Hiking Day 4 - Unknown spot to Salka (23km)
So I awoke to a somewhat cooler day, much better for hiking, a stunning view in the valley from my tent. I had 23km to walk today.
Taking care of your feet on a multi day hike is very important. Blisters and toenail issues are a sure way to bring a hike to an early end or at best make it painful and miserable to continue. So each morning I prep my feet for the day, depending upon the terrain with either moleskin for hot spots or KT tape for support. With feet done, time for a porridge and a cup of tea before setting off on a long day.
First step was to get to Singi 9 km away, this is a basic hut, no shop or facilities really, just a kitchen for people to make hot drinks etc. I popped in for some rest and a coffee and met up with two guys I had got chatting to in the previous hut. At this point I was curious about the number of helicopters that were flying overhead. Some were obvious, they were bringing in supplies, wood hanging from below but some not. I was told that they almost have a taxi system in the remote north to get from village to village, but of course some were search and rescue. The tough terrain and constant rocks and boulders took its toll each year on peoples ankles. Rescue is free in Sweden for genuine cases, but they did make me chuckle when they told me the story of one guy last year that called for a helicopter because he was tired. The helicopter picked him up, took him into town and then they billed him £2000 for the ride. Not sure that's what he expected, but for abusing the air, search and rescue I guess that's what you get.
After a good chat and a couple of hot drinks we parted company again, they were taking a side trail off to Norway and I carried on to Salka. The further north I got the rougher the trail was getting with more and more rocks, but 12km later I reached Salka. I popped in the shop/shed and got some food resupplies and then headed off to find a pitch. Once again the views just do not disappoint.
Hiking Day 5 - Salka to unknown spot (12km)
At the beginning of the day I had planned to go to the next hut area TJÄKTJE (13km). I knew this day was a hard day, very rocky and boulder hopping for several kilometers, but it proved to be a bit tougher than I expected. I strapped the right foot up with KT tape to protect it from an old injury and set off. The terrain was very hard going, here is a short video which I think gives you an idea of the terrain. This wasn't just like it for a short stretch, there were kilometres of rocks and boulders to hop over in the next 12km.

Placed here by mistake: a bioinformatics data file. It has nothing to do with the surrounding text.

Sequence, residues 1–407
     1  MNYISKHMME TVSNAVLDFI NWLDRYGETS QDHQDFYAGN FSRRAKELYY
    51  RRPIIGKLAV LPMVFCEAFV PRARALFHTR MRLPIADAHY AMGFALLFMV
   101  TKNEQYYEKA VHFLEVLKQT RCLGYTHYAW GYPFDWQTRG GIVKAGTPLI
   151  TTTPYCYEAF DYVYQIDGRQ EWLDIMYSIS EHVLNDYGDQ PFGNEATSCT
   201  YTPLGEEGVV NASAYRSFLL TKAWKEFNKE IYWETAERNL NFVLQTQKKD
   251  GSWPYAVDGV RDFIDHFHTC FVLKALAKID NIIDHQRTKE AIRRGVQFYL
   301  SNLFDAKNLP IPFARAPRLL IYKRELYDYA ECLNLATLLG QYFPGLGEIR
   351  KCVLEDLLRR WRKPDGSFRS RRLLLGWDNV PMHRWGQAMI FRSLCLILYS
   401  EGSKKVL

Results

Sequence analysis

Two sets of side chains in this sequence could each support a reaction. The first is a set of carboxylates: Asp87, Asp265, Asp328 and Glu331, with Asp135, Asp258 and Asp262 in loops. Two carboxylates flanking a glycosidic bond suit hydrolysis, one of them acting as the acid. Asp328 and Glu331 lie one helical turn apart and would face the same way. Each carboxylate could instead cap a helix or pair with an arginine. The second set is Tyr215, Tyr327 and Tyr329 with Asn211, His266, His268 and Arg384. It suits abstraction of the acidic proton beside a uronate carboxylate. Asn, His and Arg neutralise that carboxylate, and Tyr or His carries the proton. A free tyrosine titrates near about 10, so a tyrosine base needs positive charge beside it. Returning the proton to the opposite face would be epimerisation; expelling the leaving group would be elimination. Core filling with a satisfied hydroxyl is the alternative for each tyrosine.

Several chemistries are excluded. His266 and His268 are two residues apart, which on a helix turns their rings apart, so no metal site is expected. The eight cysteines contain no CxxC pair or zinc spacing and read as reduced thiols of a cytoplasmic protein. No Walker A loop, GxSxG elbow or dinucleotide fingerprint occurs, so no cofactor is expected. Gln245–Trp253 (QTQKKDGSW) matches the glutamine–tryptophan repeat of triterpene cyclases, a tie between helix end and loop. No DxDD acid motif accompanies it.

I stopped about 1km short of the next hut when I found a fantastic spot to pitch up. The view was amazing, I set up some timelapses and started cooking dinner. Well I say cooking dinner, food on the trail for me is nothing more than boiling water and pouring it into a dehydrated meal bag. 20 minutes and they taste OK, but unfortunately all look and smell like dog food.
I enjoyed the evening, watching over the valley. I was sad I only had 3 days of hiking left until I reached the end.
Hiking Day 6 - Unknown spot to AlesJaure (14km)
Day 6 was a long slow climb uphill, first target was the hut TJÄKTJE, I didn't bother stopping, just walked past it. The target for the night was AlesJaure, a popular hut at a junction of about 5 trails. Again more rock fields and if I was lucky a few planks to make it easier.
I hadn't seen much wildlife on the trip, northern Sweden has brown bears, Sweden has about 1500 brown bears, but I hadn't seen anything yet, just a lot of elk and reindeer poop. Finally I was rewarded and came across several groups of reindeer. I sat still and hoped they came to me, eventually after patiently waiting the strategy worked.
I arrived at AlesJaure, one of the largest set of huts on the trail due to all the connections of other trails. A sauna, shop, dorms and kitchen. Also there is a nearby village in the far distance in the video below that is home for people for 2 months of the year for reindeer herding. The rest of the year it is empty. The hut in the foreground is the sauna.
The above video is from my tent pitch, another great view.